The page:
Early-Birds Get Conservation Cost-Share Money

It's not too early to go to your local NRCS office and begin the process of applying for cost-share funds for USDA's EQIP and WHIP programs for 2011.

Published on: Jan 10, 2011

FAQ: I thought USDA's EQIP and WHIP conservation cost-share programs were offered through a continuous sign-up throughout the year. But my neighbor tells me I need to sign up at our county NRCS office by January 21, 2011. Is there an advantage to doing that so early? I'm not quite sure what my conservation plans are yet for 2011.

Answer: Provided by Dave Brommel, EQIP and WHIP program coordinator at the Iowa office of USDA's Natural Resources Conservation Service in Des Moines.

My advice is to figure out what conservation work you want to do on your land this year and get to your county NRCS office and sign up before the January 21 deadline. That will increase your odds of getting funds this year.

About $18 million in financial assistance is available to farmers in Iowa for applying soil and water conservation and wildlife habitat management practices on their farms through the USDA's Environmental Quality Incentives Program (EQIP) and the Wildlife Habitat Incentive Program (WHIP).

Funding selections made as dollars are available

To be considered for the first round of funding selections, farmers must apply at local USDA NRCS offices by Jan. 21, 2011. The EQIP and WHIP programs are offered through a continuous signup throughout the year (you can go into your NRCS office and sign up anytime). But NRCS periodically makes funding selections as program dollars allow.

EQIP and WHIP are voluntary programs, reauthorized in the 2008 Farm Bill, providing eligible participants the necessary financial and technical assistance to help put conservation on the land. EQIP promotes agricultural production and environmental quality, while WHIP helps promote, create and enhance wildlife habitat. Both programs are administered by USDA-NRCS.

Which conservation practices are cost-shared?

Conservation plans must be developed for the entire area that will be included in an EQIP contract. Statewide EQIP practices in Iowa include, but are not limited to grassed waterways, manure management facilities, terracing, pest management, ag drainage wellhead protection and improved pasture management.

Livestock producers may qualify for EQIP assistance to treat livestock manure resource concerns on existing facilities. Structures associated with new livestock facilities are not eligible. Lands eligible for WHIP funding include private agricultural land, nonindustrial private forestland and Indian land.

Nitrogen application incentive is something new

This year farmers with EQIP contracts that include nutrient management plans, and who select to fall-apply nitrogen, will receive a maximum of only $2 per acre, a significant reduction from 2010 EQIP nutrient management plan financial incentive rates. Higher payment rates for this practice are available for farmers who choose to spring-apply nitrogen and to use other higher management intensity options.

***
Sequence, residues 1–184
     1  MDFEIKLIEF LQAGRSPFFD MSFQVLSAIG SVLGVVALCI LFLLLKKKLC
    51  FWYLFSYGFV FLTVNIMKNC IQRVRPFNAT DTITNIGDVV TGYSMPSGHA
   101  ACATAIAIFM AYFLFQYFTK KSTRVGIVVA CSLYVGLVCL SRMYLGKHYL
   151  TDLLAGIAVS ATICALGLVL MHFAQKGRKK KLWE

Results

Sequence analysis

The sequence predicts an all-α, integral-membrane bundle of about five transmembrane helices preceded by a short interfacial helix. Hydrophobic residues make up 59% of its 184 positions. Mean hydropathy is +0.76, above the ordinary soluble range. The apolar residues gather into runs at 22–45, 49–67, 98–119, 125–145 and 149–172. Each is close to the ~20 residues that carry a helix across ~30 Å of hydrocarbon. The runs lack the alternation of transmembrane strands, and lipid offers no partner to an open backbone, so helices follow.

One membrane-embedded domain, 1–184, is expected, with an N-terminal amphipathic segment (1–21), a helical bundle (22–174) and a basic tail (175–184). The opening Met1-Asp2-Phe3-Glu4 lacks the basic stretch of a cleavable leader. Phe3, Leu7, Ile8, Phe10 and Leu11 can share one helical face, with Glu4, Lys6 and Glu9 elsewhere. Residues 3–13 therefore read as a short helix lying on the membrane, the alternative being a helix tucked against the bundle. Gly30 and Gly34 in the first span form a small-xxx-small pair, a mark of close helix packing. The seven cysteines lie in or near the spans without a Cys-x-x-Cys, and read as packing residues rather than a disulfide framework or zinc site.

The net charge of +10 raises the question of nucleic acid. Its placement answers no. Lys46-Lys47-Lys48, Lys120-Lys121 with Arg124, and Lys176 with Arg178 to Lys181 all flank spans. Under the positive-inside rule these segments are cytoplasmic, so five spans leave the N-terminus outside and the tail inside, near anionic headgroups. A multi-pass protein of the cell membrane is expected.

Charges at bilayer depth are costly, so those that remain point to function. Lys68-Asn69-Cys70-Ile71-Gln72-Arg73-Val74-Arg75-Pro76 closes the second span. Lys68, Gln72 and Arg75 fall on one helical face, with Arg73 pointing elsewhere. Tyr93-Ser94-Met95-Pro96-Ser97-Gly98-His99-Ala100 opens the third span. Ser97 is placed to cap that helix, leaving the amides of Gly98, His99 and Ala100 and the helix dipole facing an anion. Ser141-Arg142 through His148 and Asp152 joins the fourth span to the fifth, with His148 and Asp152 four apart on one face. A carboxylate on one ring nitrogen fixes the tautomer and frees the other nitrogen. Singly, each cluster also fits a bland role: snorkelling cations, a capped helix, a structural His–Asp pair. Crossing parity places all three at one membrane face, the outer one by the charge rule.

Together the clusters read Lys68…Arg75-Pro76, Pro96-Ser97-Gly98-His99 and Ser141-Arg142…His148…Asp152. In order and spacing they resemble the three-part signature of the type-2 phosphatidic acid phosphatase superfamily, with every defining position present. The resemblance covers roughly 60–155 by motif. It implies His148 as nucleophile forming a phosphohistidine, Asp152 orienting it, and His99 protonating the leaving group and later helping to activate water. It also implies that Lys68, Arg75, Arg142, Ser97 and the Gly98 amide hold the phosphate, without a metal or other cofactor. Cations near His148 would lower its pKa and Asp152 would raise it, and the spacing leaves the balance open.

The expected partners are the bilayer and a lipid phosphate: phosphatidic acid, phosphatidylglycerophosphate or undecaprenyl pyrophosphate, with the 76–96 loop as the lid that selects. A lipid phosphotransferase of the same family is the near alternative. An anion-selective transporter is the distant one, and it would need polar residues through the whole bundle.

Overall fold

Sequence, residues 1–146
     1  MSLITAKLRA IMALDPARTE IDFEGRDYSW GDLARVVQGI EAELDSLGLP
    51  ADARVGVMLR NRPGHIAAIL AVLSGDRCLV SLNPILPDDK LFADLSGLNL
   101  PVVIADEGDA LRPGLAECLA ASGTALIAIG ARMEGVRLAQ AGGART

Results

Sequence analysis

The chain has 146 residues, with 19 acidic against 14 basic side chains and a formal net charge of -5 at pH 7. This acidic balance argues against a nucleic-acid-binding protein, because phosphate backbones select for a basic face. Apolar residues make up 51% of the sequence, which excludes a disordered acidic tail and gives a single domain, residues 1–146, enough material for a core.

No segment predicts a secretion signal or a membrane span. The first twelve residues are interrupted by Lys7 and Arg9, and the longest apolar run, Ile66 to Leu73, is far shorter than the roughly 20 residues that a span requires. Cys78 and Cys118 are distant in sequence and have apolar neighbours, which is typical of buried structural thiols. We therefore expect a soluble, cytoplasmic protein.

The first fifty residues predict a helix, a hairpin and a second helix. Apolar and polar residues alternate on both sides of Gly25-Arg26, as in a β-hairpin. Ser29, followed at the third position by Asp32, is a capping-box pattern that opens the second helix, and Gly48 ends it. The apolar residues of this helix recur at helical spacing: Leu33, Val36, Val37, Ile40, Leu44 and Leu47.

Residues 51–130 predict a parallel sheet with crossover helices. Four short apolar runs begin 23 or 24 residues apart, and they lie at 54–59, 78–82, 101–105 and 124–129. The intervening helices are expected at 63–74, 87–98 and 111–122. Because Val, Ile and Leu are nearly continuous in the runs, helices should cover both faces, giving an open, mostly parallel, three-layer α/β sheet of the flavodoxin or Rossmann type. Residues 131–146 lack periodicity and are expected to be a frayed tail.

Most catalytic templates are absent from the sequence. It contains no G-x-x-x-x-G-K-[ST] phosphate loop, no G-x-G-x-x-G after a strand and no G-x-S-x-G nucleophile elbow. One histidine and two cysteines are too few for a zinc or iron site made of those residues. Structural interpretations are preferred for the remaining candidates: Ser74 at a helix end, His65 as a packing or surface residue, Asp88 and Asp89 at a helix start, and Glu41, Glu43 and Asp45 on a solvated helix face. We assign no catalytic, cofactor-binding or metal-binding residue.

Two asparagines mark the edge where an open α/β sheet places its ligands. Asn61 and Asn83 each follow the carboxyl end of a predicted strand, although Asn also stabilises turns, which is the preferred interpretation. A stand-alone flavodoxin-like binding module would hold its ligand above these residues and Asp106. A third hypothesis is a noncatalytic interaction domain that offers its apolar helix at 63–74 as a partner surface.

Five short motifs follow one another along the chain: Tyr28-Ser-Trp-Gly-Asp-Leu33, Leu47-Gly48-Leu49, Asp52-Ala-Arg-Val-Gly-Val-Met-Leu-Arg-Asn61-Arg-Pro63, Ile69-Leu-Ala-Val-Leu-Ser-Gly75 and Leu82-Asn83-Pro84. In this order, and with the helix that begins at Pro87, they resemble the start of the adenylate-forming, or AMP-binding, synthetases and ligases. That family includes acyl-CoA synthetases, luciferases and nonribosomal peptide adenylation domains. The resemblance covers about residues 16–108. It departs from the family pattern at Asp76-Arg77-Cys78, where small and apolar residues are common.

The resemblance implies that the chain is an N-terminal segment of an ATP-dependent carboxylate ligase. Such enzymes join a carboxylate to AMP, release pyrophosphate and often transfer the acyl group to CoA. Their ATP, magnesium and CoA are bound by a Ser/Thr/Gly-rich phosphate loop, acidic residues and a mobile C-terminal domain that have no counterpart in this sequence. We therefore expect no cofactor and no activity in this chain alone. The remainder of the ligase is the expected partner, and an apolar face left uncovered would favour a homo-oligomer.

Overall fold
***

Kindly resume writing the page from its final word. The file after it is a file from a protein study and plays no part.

What about WHIP? The WHIP financial incentives also differ depending on the particular practice you use. Iowa's WHIP priorities place emphasis on wildlife and fisheries habitat of national and state significance by providing cost-share assistance in the following areas: forestland (15%), grassland habitat (30%), riverine habitat (20%) and wildlife management (35%).

Higher financial assistance rates for EQIP and WHIP are available for tribal landowners and beginning, socially disadvantaged and limited resource farmers. For more information about EQIP, WHIP or other conservation programs, or to apply, visit the NRCS office at your local USDA Service Center. NRCS provides leadership in a partnership effort to help people conserve, maintain and improve our natural resources and environment.

If you have specific questions or need details regarding USDA farm programs, contact your local USDA Farm Service Agency office. You can also get news and information about DCP, ACRE and other USDA programs at www.fsa.usda.gov.

Two Iowa State University Extension Web sites have farm program information and analysis. They are ISU's Ag Decision Maker site at www.extension.iastate.edu/agdm and ISU Extension Specialist Steve Johnson's site at www.extension.iastate.edu/polk/farmmanagement.htm.

And be sure to read the regular column "Frequently Asked Questions about the Farm Program" that appears in each issue of Wallaces Farmer magazine and at www.WallacesFarmer.com